As I recall, it never passed.

And today, parents still take their children to see, and rent for them, 'R'-rated movies. AND the parents still purchase their children violent video games. So yes, banning all sales to minor of 'M'-rated video games would get the job done. Of course, there are plenty 'T'-rated (equiv PG-13/PG) games out there that have some violence. So we would have to ban those too. And PG-13 movies. And install blockers on all TV's. And then...well as you can see, its a slippery slope. Coupled with that fact that even if we ban the selling to minors, I could easily see the fact that the PARENTS COULD STILL BY THE GAMES FOR THEM.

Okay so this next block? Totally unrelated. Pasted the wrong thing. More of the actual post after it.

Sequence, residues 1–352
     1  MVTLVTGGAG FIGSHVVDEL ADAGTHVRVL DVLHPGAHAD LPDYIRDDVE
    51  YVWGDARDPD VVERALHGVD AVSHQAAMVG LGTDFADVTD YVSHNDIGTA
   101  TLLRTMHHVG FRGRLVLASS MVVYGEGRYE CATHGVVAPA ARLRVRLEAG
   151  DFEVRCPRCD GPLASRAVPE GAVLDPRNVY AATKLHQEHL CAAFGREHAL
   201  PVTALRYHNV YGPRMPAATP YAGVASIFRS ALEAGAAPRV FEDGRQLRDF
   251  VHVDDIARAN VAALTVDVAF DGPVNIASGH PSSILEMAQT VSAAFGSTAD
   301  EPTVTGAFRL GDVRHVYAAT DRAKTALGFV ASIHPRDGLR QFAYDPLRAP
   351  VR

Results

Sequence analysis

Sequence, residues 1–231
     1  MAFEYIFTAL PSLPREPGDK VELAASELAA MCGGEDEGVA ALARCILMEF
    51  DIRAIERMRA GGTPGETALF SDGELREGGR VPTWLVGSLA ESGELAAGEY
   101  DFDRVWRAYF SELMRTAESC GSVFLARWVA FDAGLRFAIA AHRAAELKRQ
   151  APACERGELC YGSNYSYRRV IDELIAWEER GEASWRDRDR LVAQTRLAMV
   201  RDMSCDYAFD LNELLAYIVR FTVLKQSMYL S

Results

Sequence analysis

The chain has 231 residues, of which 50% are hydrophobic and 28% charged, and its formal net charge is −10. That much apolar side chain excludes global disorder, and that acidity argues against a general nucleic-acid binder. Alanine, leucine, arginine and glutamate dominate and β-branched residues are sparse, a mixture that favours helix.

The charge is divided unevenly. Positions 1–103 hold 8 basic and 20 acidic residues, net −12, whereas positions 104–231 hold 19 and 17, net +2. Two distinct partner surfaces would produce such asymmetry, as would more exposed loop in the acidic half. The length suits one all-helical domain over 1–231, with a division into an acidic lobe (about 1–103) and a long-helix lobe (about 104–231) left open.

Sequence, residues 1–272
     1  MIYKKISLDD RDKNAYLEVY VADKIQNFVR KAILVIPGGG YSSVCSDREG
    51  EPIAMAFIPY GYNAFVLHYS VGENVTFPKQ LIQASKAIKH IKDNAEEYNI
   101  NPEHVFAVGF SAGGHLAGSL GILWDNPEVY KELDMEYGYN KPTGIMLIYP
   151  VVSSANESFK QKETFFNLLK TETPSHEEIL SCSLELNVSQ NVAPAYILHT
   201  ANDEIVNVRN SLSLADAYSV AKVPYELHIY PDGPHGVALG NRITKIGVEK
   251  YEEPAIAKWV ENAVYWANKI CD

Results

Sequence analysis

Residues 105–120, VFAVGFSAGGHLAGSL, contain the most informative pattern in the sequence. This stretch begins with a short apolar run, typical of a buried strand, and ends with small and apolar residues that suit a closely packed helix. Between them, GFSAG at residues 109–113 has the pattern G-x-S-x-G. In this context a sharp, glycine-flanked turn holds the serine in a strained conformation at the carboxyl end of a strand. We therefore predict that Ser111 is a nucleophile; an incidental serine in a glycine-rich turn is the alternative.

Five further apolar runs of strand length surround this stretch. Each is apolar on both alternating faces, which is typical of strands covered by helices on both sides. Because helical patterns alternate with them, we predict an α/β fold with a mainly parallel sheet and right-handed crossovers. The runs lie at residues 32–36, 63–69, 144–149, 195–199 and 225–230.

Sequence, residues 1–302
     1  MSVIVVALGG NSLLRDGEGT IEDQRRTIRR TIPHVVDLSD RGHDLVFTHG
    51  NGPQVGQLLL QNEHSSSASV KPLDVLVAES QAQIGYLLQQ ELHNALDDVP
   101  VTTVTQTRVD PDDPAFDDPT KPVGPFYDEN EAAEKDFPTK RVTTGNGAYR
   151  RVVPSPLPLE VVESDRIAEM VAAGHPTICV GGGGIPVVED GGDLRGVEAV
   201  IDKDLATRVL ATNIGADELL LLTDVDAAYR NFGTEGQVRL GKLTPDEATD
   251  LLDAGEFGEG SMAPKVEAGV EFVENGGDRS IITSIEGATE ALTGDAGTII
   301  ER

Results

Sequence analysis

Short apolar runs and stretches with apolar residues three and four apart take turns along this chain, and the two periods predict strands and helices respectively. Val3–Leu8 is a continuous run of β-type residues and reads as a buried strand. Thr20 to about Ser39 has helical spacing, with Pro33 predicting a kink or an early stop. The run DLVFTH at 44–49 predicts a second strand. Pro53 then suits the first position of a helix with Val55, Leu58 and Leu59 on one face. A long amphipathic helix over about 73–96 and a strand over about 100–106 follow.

And simply banning these creative outlets will NOT solve the problem. You said yourself "No, we're dealing with kids that are so messed up, and come from families that are so dysfunctional, that they see no problem at all jacking cars and shooting cops for fun." That is exactly right. The kids are already having problems. How will banning video games solve these problems?
Posted by (9 comments )
Link Flag
Side note...
Though your points make for a valid debate, starting it with insults to your opponents on their age and intelligence is rather shortsighted, and easily discredits the reset of your post.

And attempting to pass your self off as mature adult while still using 'sheesh' and 'f'ed up' does not help either.
Posted by (9 comments )